This week, President Obama took aim at the two biggest barriers to an international climate change treaty next year in Paris.
First, the US-China agreement on climate change – which shows the two biggest polluters are at the table – and now, a substantial US commitment to the all-important Green Climate Fund – the main issue for developing countries.
Obama plans to unveil a $3 billion pledge to the Green Climate Fund at the G20 summit this weekend, to be paid over the next four years. The US contribution is conditional however – it’s capped at 30% of the fund, and the full amount will only be paid if other nations step up to the plate – meeting the fund’s initial $10 billion target.
Good luck getting approval for the money from Republicans in Congress, even though President GW Bush pledged $2 billion during his administration.
The Fund is intended to help developing countries ramp clean energy technologies, stop deforestation, and adapt to changes in the climate that they are not responsible for. The goal is to provide $100 billion a year to developing countries by 2020.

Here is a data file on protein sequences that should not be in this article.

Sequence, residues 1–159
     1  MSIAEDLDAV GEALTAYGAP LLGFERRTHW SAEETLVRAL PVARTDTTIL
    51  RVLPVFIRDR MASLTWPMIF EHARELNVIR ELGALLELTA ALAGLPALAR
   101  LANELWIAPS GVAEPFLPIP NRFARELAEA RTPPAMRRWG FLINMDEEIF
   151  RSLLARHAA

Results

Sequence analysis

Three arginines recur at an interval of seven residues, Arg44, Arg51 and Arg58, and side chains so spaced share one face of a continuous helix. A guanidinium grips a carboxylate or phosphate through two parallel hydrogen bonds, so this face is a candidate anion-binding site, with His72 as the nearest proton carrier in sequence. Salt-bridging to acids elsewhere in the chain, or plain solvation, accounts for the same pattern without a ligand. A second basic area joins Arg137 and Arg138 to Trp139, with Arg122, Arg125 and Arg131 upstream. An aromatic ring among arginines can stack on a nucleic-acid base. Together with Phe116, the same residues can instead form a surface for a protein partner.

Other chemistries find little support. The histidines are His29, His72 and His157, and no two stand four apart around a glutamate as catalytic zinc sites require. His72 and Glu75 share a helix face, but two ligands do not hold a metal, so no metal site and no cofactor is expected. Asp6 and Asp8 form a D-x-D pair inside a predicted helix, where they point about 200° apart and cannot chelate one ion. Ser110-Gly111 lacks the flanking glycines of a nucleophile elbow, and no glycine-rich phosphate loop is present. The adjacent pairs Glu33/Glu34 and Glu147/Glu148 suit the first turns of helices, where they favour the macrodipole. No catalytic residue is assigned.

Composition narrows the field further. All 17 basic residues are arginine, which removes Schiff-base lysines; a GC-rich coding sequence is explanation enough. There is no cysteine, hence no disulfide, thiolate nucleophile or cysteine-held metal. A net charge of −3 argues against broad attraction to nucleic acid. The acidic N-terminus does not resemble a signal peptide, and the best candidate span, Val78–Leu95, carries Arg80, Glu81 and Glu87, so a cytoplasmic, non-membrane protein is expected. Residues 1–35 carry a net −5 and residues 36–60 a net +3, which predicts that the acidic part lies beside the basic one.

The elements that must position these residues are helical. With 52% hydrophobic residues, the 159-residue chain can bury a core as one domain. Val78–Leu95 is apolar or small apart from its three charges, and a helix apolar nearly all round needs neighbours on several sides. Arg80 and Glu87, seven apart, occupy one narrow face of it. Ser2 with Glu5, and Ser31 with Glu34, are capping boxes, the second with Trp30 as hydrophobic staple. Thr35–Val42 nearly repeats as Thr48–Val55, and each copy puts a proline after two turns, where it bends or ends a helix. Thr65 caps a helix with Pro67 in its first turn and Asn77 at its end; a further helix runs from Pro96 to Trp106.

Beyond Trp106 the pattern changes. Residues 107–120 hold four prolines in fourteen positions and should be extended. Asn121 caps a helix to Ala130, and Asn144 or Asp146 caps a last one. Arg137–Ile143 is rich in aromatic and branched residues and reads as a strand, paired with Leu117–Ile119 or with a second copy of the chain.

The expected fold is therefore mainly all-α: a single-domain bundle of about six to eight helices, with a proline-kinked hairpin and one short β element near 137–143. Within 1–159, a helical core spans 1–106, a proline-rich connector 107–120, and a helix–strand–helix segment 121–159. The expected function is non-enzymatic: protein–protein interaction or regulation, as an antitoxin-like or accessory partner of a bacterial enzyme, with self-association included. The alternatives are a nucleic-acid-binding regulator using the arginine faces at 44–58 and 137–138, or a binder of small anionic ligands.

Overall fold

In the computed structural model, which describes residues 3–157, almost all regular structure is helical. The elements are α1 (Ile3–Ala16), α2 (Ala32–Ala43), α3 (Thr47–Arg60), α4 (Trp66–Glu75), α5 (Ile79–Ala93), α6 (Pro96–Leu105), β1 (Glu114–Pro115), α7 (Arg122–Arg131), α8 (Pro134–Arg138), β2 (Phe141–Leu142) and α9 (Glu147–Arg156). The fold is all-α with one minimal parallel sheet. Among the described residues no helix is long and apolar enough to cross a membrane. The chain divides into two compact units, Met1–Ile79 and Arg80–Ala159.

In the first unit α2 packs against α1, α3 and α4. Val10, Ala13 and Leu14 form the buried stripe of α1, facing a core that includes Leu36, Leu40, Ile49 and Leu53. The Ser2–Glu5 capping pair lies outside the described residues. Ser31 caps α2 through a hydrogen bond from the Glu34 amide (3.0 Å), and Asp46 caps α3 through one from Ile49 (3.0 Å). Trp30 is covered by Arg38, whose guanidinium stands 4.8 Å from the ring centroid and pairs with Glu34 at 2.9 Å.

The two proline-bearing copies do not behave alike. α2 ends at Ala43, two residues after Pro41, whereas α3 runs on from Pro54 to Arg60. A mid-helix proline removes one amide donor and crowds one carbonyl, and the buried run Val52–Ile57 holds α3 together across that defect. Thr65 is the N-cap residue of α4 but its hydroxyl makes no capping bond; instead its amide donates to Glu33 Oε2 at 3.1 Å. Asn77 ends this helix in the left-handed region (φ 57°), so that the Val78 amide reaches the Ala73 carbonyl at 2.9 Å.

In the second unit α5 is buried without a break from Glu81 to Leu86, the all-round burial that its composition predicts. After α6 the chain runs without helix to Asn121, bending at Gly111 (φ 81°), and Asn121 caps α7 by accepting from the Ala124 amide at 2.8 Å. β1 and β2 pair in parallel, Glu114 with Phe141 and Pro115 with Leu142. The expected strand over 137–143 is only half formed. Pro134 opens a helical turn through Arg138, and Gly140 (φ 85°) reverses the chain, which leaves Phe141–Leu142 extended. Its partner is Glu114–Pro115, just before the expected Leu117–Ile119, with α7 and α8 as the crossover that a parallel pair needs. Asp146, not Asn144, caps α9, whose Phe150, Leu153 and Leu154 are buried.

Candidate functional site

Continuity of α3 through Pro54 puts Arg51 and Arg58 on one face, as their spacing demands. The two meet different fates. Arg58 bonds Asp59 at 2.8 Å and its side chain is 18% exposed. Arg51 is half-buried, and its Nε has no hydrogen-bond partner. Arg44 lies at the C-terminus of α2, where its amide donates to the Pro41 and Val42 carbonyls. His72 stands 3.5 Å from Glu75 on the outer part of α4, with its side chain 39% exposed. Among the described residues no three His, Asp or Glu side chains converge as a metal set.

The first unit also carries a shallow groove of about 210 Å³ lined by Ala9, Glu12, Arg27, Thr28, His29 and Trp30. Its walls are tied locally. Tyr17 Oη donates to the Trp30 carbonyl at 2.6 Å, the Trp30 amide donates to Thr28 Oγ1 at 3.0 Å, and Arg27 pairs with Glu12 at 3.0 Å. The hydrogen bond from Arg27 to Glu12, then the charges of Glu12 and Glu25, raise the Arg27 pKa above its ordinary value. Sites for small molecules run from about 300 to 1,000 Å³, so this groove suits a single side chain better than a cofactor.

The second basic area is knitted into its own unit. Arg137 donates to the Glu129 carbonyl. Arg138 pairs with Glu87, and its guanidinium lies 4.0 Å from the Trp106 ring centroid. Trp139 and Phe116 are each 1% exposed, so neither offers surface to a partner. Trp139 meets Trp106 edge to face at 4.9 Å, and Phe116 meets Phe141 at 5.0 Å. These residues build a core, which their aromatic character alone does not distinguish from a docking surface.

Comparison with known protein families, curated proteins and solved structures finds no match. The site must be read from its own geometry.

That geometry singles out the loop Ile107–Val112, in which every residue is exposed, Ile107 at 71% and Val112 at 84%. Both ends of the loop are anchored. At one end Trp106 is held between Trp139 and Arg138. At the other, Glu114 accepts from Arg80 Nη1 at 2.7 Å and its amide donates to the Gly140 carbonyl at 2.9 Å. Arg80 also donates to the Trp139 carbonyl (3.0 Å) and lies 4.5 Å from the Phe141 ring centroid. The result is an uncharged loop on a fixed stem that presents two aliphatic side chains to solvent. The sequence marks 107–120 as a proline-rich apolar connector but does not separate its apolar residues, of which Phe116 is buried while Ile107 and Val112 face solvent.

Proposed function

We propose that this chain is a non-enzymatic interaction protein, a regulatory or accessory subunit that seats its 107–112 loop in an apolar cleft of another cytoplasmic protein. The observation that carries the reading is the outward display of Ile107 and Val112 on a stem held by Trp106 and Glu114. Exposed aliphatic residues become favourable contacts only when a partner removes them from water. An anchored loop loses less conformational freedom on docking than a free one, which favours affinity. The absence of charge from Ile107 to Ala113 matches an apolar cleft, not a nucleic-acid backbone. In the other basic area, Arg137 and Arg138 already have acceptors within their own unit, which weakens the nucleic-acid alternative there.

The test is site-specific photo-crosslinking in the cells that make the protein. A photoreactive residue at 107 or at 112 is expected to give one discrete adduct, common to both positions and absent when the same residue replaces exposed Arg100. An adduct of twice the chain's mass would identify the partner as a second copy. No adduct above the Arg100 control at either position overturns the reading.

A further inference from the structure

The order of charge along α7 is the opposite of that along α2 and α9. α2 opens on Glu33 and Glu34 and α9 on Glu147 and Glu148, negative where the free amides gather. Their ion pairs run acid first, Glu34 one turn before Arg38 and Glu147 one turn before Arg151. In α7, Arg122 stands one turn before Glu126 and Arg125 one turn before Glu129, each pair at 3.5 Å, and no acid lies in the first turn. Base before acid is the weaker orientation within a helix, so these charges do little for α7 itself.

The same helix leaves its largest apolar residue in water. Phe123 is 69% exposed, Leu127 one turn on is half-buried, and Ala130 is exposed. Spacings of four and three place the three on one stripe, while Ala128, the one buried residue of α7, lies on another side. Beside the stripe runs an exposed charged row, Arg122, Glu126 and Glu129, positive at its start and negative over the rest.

Contributions have been anemic so far, the biggest are $1 billion each from France and Germany. Japan is expected to pledge $1.5 billion at the G20 summit. Canada and Australia – which have turned into climate outliers – say they won’t contribute, with the latter’s prime minister calling it "socialism masquerading as environmentalism."
On November 20, there will be a "pledging conference" in Berlin, when the UK says it will make an announcement. The United Nations wants to raise $10 billion by the end of the year.
Berlin "is a good litmus test for Lima, because finance is really half of the equation to getting a climate deal," Karen Orenstein, a senior analyst at Friends of the Earth, told InsideClimate News. "It’s like dominos. This is the first domino, and in order to get everything to fall in the right place, you have to start here."
She is referring to the next Climate Summit in Peru, which takes place in December, as a run-up to the finale in Paris next year.
"It is in our national interest to help vulnerable countries to build resilience to climate change," says a White House official. "More resilient communities are less likely to descend into instability or conflict in the aftermath of extreme climate events, needing more costly interventions to restore stability and rebuild. Building resilience also helps safeguard our investments in many areas, including food security, health, education and economic growth."
Earlier this year, 30 countries pledged a total of $4 billion to help developing countries tackle a broad range of environmental problems: climate change, deforestation, land degradation, extinction of species, toxic chemicals and waste, and threats to oceans and freshwater resources.